Lafayette Morehouse — A brief history & resource guide

The Lafayette Morehouse is an intentional community founded in 1968 by Victor Baranco and his first wife, Susie. When Vic died in 2002, leadership of the community passed on to  his second wife, Cindy Baranco.

The Morehouse concept became very popular in the 1970s, where reportedly over 70 Morehouses sprung up and Vic was called the “the Colonel Sanders of communes”. Currently the main campus is in Lafayette California, where about 60 people live, with houses in Oahu Hawaii (where Cindy resides), Oakland, and Atlanta.

Vic developed a curriculum around group living, communication, sensuality, and man-woman relationships, and created concepts and practices that are (to my mind) as powerful and relevant today as they were 40 years ago. Much of this curriculum is still taught at the Lafayette Morehouse and occasionally in New York, Atlanta, and Philadelphia. These concepts have to do with the inherent perfection of human beings, the importance of pleasure goals in living a full life, the nature of effective communication, the nature of man-woman relationships (which includes many practical aspects on learning how to please your partner and win with the opposite sex), effective governance structures for communal living (the “One No Vote”), and expansion of orgasmic potential for both men and women. Vic had many students who later became well-known using his materials (and/or derivations).  Former students include Bob and Leah Schwartz (authors of “The One Hour Orgasm”), Regena Thomashauer (founder of “Mama Gena’s School of Womanly Arts”), Patricia Taylor (author of “Expanded Orgasm”), The Welcomed Consensus (an intentional community in San Francisco), Nicole Daedone (founder of the OneTaste communities in San Francisco and New York), Steve and Vera Bodansky (authors of many books including Extended massive orgasm), and even, it is rumored, John Grey of “Mars and Venus” fame. Vic was a contemporary of and knew Werner Erhardt and many other figures in the consciousness development movements of the sixties and seventies. He participated in CIA-sponsored LSD experiments (some of which were chronicled by Tom Wolfe in The Electric Kool-Aid Acid Test).  Vic coined many words that came into common usage including the “do-date” (a sexual practice where both partners focus all their attention on one partners’ pleasure) and “win-win.”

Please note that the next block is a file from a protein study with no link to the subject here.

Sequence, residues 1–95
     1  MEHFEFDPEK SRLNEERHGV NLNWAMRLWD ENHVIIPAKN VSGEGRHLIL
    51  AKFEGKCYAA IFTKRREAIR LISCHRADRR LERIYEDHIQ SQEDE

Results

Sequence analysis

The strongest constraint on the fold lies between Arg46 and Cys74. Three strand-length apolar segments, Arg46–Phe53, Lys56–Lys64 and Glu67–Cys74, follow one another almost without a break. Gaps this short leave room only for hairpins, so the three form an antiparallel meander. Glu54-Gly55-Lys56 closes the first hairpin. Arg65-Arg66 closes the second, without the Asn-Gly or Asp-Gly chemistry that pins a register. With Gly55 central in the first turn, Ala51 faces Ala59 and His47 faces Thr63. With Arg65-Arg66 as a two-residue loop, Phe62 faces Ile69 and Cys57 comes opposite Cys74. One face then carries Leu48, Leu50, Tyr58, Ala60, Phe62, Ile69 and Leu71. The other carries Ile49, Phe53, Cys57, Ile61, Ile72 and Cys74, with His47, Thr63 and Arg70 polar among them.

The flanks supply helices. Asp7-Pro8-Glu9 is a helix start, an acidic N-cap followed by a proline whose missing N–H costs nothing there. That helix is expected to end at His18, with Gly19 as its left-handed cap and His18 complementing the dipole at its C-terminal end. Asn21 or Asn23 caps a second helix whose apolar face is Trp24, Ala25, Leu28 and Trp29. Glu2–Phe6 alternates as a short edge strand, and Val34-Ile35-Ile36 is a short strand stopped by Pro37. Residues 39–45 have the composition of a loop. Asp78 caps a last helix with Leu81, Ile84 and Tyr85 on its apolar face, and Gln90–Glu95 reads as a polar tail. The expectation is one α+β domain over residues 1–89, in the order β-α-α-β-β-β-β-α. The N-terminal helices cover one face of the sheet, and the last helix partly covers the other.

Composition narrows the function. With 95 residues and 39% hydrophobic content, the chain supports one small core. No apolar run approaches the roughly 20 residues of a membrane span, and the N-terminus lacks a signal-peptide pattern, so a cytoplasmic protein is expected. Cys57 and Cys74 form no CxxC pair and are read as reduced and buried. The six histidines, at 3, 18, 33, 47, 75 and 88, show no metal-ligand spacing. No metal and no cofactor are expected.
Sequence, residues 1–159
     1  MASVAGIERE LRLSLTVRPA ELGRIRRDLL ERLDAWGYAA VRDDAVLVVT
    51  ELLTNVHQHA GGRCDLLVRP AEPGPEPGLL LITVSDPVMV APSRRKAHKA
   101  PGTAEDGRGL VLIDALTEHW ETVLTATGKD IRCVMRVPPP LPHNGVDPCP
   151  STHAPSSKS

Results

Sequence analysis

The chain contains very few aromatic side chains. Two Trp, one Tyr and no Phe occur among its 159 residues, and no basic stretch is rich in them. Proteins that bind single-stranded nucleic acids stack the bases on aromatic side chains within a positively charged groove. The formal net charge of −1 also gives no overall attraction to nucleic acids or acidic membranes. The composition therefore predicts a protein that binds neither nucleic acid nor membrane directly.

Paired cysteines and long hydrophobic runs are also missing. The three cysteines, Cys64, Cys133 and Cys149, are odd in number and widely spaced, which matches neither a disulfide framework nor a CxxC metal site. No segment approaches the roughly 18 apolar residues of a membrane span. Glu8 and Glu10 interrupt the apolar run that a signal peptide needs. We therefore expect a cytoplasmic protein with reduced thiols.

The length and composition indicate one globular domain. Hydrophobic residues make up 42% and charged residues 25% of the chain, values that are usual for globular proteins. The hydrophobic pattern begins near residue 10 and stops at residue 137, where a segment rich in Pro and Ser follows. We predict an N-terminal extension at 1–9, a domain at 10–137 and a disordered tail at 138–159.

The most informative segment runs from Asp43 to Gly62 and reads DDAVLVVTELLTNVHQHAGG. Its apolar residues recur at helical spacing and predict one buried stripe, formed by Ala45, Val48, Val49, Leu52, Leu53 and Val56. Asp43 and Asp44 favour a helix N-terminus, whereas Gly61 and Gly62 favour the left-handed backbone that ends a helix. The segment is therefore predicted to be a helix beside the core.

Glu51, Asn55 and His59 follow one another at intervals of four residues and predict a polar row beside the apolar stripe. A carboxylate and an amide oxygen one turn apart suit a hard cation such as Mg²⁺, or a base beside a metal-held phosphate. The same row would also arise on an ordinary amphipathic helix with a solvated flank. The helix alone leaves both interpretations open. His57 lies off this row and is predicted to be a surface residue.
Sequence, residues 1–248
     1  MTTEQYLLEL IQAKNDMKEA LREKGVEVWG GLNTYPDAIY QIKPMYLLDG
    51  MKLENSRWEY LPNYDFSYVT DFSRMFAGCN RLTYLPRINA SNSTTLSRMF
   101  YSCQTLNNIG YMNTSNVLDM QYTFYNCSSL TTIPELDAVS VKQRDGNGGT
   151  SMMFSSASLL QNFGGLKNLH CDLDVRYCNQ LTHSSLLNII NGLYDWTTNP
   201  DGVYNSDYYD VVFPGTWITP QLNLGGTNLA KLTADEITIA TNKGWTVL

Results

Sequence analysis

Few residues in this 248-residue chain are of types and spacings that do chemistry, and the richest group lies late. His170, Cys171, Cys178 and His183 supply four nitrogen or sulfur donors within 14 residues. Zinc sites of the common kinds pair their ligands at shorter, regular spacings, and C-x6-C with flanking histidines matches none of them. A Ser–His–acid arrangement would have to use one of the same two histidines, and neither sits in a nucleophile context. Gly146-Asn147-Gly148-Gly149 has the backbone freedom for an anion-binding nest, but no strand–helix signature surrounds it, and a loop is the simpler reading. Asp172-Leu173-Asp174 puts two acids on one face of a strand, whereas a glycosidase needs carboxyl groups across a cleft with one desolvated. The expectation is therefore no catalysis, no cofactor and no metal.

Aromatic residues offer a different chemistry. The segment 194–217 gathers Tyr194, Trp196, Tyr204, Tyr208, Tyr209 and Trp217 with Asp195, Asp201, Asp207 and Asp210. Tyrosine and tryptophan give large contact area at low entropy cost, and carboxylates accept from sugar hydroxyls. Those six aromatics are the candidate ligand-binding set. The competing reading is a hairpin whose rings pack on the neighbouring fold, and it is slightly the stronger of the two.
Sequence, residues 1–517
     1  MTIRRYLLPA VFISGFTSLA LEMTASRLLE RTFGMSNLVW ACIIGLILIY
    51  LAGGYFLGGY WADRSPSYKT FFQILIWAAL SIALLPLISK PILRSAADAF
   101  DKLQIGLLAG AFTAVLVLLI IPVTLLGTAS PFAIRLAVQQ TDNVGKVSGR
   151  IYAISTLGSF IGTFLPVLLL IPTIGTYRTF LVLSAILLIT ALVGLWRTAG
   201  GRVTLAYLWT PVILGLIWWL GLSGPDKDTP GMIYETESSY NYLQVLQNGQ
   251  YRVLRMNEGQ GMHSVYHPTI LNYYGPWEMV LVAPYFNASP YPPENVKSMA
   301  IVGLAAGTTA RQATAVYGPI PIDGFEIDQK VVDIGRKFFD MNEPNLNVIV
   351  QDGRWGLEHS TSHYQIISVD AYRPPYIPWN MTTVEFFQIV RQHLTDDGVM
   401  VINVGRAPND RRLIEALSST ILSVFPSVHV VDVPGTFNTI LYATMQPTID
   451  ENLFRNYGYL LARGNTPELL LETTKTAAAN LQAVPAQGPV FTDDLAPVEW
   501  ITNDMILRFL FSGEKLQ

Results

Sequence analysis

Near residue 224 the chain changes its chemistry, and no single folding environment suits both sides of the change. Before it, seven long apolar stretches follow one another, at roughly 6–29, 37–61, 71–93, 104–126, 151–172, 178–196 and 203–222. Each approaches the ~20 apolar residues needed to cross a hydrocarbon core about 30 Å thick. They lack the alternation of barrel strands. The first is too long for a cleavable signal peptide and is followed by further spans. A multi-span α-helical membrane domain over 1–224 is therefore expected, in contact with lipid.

Vic was and remains an extremely controversial figure, which seems to have been partly due to suspicions over his sexual research at a time where it was not allowed to say “vagina” in the public media, partly due to the unusualness of the lifestyle experiment him and his group were conducting, and partly out of his own litigiousness (he was involved in many lawsuits, mostly libel suits he originated, most of which he lost).  He appears to have been at times a bit heavy-handed with his students, as was customary for group leaders at that time.  There was also a lot of controversy surrounding More University, which was for over 15 years a California  accredited institution granting doctoral degrees in sensuality and other topics.  He was however a person with a rare insight into human character, who had an ability to call people on their “shit” very accurately in a way that one immediately got the truth of; and he had a tremendous zest for life and ability to enjoy himself under all circumstances, despite increasing physical pains and disabilities as he got older.  The personal impact he has had on many people’s lives is huge (Oceana’s story below being particularly inspiring), and the lifestyle that he created is still very much alive 10 years after his death.

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